Léachtaí i nGaeilge 

Return of the Prodigal Son (detail)
Rembrandt [Web Gallery of Art]

I used most of the material below three years ago when I 'invited' some 'special guests' to share their thoughts on this wonderful parable, surely one of the most moving and powerful stories in the whole of literature, apart from the fact that it is the word of God, given to us by Jesus himself, the Word made flesh. However, on this occasion I'll invite only one 'guest'.

The late Fr Paul Andrews SJ was a regular contributor to The Sacred Heart Messenger, a monthly publication of the Irish Jesuits. The general title of his column was One Page Wisdom and the specific title of his column in the September 2016 issue is Messy Families. I'm quoting it in full.
We know about families. We have all survived them, more or less. You remember the Gospel parable about the father of the prodigal son - and here Jesus is talking about God. The boy made a fool of him by squandering the family fortune and reputation. His older son was so envious of the kid brother that he would not attend the homecoming party. 
God knows about troubled families. They are nothing out of the ordinary. In that lovely parable, the father enjoys the being of his son even when he is in every way a thorn in the father's heart. Scanning the horizon from his window he sees a forlorn, debauched figure slouching towards home, and runs out to meet him, speechless with joy. 

Return of the Prodigal Son (detail)
Rembrandt [Web Gallery of Art]
We may dream of an ideal family with lively, intelligent, obedient children - who line up with their parents for Church on Sunday, pass their exams, compete in community sports, and visit their granny.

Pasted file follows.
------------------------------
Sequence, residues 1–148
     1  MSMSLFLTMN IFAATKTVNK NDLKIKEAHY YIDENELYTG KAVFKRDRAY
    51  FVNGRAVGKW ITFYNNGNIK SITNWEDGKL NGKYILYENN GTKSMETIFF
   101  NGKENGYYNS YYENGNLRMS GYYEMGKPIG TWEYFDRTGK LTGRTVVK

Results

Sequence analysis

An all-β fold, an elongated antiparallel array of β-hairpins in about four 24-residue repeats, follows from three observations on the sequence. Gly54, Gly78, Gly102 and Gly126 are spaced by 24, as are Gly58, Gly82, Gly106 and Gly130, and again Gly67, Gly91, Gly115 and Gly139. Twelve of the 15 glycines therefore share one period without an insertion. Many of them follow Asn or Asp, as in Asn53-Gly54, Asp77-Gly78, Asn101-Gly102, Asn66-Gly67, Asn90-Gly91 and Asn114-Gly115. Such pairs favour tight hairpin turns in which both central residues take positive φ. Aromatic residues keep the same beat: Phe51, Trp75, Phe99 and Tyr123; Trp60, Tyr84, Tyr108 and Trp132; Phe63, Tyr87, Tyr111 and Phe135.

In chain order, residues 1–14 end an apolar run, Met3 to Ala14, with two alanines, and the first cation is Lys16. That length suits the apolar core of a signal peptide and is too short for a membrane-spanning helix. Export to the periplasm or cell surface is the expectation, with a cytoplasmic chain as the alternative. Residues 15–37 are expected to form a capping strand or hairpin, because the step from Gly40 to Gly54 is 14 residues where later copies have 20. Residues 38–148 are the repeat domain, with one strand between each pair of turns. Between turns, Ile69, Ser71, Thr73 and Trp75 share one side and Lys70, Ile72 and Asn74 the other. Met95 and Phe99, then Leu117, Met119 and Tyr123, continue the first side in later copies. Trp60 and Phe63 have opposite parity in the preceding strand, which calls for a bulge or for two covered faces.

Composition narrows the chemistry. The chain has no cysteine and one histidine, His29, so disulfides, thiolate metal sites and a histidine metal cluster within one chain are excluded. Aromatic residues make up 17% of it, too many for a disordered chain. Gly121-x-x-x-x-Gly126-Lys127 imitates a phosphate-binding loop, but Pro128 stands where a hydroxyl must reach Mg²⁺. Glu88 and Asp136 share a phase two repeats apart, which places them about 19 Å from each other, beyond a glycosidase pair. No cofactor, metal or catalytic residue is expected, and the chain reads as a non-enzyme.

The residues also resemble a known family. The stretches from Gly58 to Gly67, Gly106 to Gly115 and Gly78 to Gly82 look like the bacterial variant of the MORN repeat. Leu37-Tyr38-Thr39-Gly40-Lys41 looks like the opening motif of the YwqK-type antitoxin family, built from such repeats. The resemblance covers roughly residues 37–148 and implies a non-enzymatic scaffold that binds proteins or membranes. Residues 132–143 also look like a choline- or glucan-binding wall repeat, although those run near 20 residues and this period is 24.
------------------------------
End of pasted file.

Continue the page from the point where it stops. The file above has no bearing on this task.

Move away from such rosy pictures. There is no such thing as perfect parents, or perfect children. God is not the presenter of prizes at a high-powered graduation, but the one who helps us clean up the mess or live with it, and then approach the future as a friend, without a wardrobe (closet) of excuses.

Return of the Prodigal Son (detail)
Rembrandt [Web Gallery of Art]

Fr Andrews writes: His older son was so envious of the kid brother that he would not attend the homecoming party. I would not totally agree with him on that. Part of the genius of this parable is that it's open-ended. We don't know if the older son reflected on the matter and decided to join the celebration. Maybe he did, maybe he didn't. But the story that Jesus told invites each of us to ask ourselves a number of questions. In what way do I resemble the father? Which of the two sons am I more like? If there's more of the older brother in me do I rejoice when my younger brother comes home? Do I thank God for his daily blessings? If there's more of the younger brother in me do I trust in God's mercy and decide to come home?

Kyrie, Missa Papae Marcelli
Music composed by Palestrina 
Sung by Oxford Camerata and Oxford Schola Cantorum 
Conducted by Jeremy Summerly

Kyrie eleison - Christe eleison - Kyrie eleison
Lord, have mercy - Christ, have mercy - Lord, have mercy

The Kyrie is the only part of the Mass of the Roman or Latin Rite, to which most Catholics belong, that is in Greek.

Traditional Latin Mass

Fourteenth Sunday after Pentecost

The Complete Mass in Latin and English is here. (Adjust the date at the top of that page to 9-11-2022 if necessary).

Epistle: Galatians 5:16-24Gospel: Matthew 6:24-33.

Wheat Field with a Lark
Vincent van Gogh [Web Gallery of Art]

Look at the birds of the air: they neither sow nor reap nor gather into barns, and yet your heavenly Father feeds them. Are you not of more value than they? (Matthew 6:29).

1 comment:

Mariette VandenMunckhof-Vedder said...

Dearest Father Seán,
Yes, Rembrandt tried his very best for visualizing the prodigal son.
Mixed emotions that show even more about forgiveness than love.
As for the birds in the fields, true they don't sow but when observing them closely they do labor hard for their young and in building a nest first; then feeding them!